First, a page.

Home > Linux, Video > MPEG2 and VC-1 Codecs, H.264 Encode and HDMI CEC Are Now Available for the Raspberry Pi

MPEG2 and VC-1 Codecs, H.264 Encode and HDMI CEC Are Now Available for the Raspberry Pi

Many people appear to have bought the Raspberry Pi in order to use it as a cheap media player by installing distributions such as Raspbmc or OpenElec. The only problem is that this low cost board was primarily designed as an educational platform, so the Raspberry Pi foundation only paid for H.264 licensing, which means you could only playback H.264 videos, and all other video codecs could not be played (by hardware) making it a rather poor media player.

But things have improved, as the good people at the Raspberry Pi foundation have worked out a deal with the licensing organizations and now offer support for 2 new codecs:

  • MPEG2 license key – 2.4 GBP (~3.8 USD)
  • VC-1 license key – 1.2 GBP (~1.9 USD)

Once those 2 codecs are enabled you should be able to play your DVD rips and most HD wmv files smoothly. The way it work is that you purchase the license keys via the 2 links above, which are linked to your board serial number:

cat /proc/cpuinfo | grep Serial

Once you’ve got your license(s) (within 72-hour by email), MPEG-2 and VC-1 hardware decoding should work out of the box, you should even be able to connect a USB DVD drive to play back your DVDs on your Pi.

After further discussion with the licensing guys, they discovered that H.264 encode was also covered by their current H.264 license, so they’ve enabled it in the current firmware, and this won’t cost a thing. Somebody will have to write an application to take advantage of the firmware, so it may take a little while, until most people can use this feature. I’m sure it will be ready pretty soon, as this is required for the upcoming camera module.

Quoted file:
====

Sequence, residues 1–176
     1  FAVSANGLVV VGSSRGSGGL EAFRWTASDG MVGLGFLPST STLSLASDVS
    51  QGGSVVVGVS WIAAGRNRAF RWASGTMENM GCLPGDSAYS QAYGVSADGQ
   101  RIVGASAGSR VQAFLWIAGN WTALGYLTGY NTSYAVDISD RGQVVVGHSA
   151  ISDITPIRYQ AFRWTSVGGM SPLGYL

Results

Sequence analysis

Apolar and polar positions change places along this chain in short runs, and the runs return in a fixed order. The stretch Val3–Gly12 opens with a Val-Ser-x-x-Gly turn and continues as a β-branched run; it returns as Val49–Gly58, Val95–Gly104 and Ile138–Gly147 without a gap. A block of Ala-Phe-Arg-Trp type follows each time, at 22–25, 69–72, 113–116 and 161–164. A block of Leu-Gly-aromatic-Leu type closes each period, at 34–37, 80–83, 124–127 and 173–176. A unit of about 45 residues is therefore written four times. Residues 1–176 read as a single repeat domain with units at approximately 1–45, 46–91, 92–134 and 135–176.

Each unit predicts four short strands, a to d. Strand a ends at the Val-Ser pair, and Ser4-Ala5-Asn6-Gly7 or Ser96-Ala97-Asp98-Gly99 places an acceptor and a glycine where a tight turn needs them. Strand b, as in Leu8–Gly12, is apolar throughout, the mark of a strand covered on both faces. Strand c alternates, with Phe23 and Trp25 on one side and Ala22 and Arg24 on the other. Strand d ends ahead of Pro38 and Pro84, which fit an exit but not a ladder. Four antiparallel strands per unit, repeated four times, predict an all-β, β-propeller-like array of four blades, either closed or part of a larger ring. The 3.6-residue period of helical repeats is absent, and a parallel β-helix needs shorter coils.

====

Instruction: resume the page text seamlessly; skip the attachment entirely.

Finally, HDMI CEC has been enabled in the latest version of Raspbmc, Xbian and OpenElec. For those who don’t know, this standard allows to control your HDMI device with your TV remote control, so you’ll only need one remote for 2 or more devices. The video below showcases a Raspberry Pi running XBMC with CEC support enabled.

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  1. Sander
    August 27th, 2012 at 15:24 | #1

    HDMI CEC? I had never heard of that. Maybe because I haven’t got a HDMI display?

    Anyway: http://en.wikipedia.org/wiki/HDMI#CEC says

    “Consumer Electronics Control (CEC) is an HDMI feature designed to allow the user to command and control up-to ten CEC-enabled devices, that are connected through HDMI,[94][95] by using only one of their remote controls (for example by controlling a television set, set-top box, and DVD player using only the remote control of the TV)”

    Wow! So you can control all HDMI-CEC-connected devices via one remote control?! That’s cool. (And not good news for Logitech’s universal RCs ;-) ).

    And that solves the problem the Raspi has no remote control at all.

    Thank you for this post!

  1. August 27th, 2012 at 17:23 | #1
  2. March 26th, 2013 at 18:00 | #2